Babies at this age want to become more independent, but they also continue to look to mom and dad for safety and security. That’s especially true as their improving memory and cognitive skills mean increased fears. Separation anxiety begins to peak at ten months, and you may notice your baby regularly looking up from playing to make sure you are still there. Some babies will experience separation anxiety more severely than others. It can be hard on parents to leave a distraught child, but remember that the tears and clinginess are the sign of a strong bond between parent and child. Try to make your baby feel as loved as possible, and know that this phase will eventually come to an end.

Your Month-to-Month Baby: Ten Months

  • There are a few things you can do to help your baby's month-by-month development.
  • Give your baby learning toys that will help her learn about letters, colors, shapes, and numbers.
  • Try to teach your baby concepts like taking turns and sharing. When you read to her or play games with her, show her how to share and take turns. She won't get it yet, but just introducing the concepts can help as she grows older.
  • Pretend play is just starting with your baby at 10 months. Many babies love to play with toy kitchens, including toy pots, pans, and food.

Milestones this Month

  • Baby is mastering crawling
  • Baby can stand with support
  • Baby is pulling up to stand and maybe standing alone for a moment
  • Baby has mastered the pincer grasp (thumb and first finger together)
  • Baby uses gestures to communicate, such as shaking head no
  • Baby feeds self
  • Baby says mama and dada and is beginning to try saying other familiar words

Feeding at Ten Months

Solid foods begin to play a more significant role in baby’s diet this month. What the rest of the family is eating are very possibly the same foods your baby can eat, so long as they are soft and finely chopped. Babies at this age enjoy self-feeding, which is messy but essential for practice and improving upon this skill. Your baby may eat ¼-½ cup of fruit, veggies, grain, and full-fat dairy once or twice a day. Honey and cow’s milk remain off-limits. Breast milk and formula should be on their way to becoming more supplemental. Your baby might nurse or take a bottle four times a day, for a total of 24-30 ounces.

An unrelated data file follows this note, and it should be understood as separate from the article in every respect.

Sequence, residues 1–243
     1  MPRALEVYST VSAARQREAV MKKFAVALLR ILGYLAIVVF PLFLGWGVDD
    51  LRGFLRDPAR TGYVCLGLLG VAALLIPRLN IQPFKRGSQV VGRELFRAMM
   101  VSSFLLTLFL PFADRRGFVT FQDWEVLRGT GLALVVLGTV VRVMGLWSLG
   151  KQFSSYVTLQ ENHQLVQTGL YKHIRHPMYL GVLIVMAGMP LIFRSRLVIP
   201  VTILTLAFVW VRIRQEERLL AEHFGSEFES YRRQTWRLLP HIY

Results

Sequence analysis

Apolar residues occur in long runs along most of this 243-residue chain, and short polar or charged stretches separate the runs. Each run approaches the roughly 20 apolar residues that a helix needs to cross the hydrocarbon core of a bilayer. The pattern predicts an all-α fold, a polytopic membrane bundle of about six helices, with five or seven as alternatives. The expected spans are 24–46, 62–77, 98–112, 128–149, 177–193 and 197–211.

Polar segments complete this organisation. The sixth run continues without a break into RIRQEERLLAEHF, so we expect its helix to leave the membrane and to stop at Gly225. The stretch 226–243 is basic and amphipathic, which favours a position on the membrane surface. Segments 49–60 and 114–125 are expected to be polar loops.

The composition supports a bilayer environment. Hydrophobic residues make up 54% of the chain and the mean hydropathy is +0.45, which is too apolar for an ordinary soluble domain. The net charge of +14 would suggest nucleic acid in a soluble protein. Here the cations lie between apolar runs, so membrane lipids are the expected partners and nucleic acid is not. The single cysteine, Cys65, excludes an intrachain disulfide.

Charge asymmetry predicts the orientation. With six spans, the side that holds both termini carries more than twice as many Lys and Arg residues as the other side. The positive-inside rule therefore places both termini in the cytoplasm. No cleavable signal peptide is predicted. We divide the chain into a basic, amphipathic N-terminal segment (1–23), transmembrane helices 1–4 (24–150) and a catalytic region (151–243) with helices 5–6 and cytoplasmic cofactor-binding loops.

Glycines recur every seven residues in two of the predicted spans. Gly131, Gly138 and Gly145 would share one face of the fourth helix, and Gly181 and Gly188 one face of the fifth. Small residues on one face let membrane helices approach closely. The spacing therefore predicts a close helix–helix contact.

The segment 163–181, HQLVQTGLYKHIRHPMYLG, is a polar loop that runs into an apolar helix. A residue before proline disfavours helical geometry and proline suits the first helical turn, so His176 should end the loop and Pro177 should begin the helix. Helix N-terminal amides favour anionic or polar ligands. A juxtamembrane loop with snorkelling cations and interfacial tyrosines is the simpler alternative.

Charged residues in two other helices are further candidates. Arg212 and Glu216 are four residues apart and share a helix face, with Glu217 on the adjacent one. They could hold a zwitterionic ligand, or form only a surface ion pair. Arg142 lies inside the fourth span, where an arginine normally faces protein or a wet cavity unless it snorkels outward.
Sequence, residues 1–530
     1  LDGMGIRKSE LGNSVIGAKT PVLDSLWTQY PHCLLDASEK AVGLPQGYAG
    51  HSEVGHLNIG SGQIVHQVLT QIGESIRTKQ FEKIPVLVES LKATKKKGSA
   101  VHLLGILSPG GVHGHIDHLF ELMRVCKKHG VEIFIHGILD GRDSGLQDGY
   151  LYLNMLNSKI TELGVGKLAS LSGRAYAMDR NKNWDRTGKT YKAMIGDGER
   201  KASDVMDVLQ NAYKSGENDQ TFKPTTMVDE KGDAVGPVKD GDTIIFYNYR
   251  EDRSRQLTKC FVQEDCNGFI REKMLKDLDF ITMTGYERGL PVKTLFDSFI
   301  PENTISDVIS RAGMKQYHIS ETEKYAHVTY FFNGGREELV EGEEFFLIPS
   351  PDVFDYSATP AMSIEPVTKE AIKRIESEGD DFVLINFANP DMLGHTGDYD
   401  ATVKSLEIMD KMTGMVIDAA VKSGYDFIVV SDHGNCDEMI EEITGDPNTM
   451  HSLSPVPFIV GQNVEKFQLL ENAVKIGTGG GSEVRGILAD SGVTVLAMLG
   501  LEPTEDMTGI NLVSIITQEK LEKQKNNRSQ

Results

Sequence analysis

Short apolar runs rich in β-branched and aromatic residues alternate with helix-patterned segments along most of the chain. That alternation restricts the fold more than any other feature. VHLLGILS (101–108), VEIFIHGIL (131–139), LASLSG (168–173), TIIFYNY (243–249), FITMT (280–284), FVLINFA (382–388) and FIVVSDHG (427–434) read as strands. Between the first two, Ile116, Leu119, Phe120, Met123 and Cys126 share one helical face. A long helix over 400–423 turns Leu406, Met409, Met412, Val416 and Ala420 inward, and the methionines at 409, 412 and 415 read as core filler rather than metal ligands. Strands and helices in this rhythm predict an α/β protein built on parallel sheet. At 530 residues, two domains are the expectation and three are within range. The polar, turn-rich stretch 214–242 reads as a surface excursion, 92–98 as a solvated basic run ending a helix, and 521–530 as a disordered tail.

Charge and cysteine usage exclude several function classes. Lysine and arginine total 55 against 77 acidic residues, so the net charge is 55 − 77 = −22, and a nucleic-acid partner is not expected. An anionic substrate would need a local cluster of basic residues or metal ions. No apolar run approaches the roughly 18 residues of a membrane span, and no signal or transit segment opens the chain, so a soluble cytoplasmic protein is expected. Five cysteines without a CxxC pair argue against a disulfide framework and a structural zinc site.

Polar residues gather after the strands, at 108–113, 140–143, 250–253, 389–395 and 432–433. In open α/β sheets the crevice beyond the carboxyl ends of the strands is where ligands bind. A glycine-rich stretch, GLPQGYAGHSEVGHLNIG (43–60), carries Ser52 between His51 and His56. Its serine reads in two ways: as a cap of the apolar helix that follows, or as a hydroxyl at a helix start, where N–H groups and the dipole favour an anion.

Sleeping at Ten Months

Excellent news: nearly 75 percent of babies are sleeping through the night at this age. With a regular sleep and nap schedule consisting of 10-12 hours at night and two naps a day, babies continue to snooze about 14 hours every day. If your baby is waking up again at night after previously sleeping through, the source of the restlessness could be baby’s newfound mobility. As ten-month-old babies shouldn’t need to eat in the middle of the night, it’s ok to let babies this age fuss or cry a little in the hopes that they’ll settle themselves back to sleep.

Common Concerns at Ten Months

Playing with Food

If you were taught that you shouldn't play with your food, this stage of baby month-by-month development may be hard to handle. However, babies should play with their food. It's an ideal way to experiment with their personal tastes, as well as an excellent way to discover what food feels like. However, it is possible to teach your little one the beginning of table manners, such as to not throw food or to try to use a spoon.

New Parent Help: “Picky Eating”

Around 10 months, it's not uncommon for babies to become picky or resistant to trying certain foods, even if they've happily eaten them before. However, most kids go through a stage like this and then outgrow it all on their own. Keep offering healthy foods to your baby and don't force her to eat if she doesn't want to. Let her feed herself and play with her food so she can learn what she likes and doesn't like.

See what’s next with our month to month guides

There are so many exciting developments and changes in store for your baby in just the next few months! Take a look at what to expect at eleven months and beyond with our month to month guides.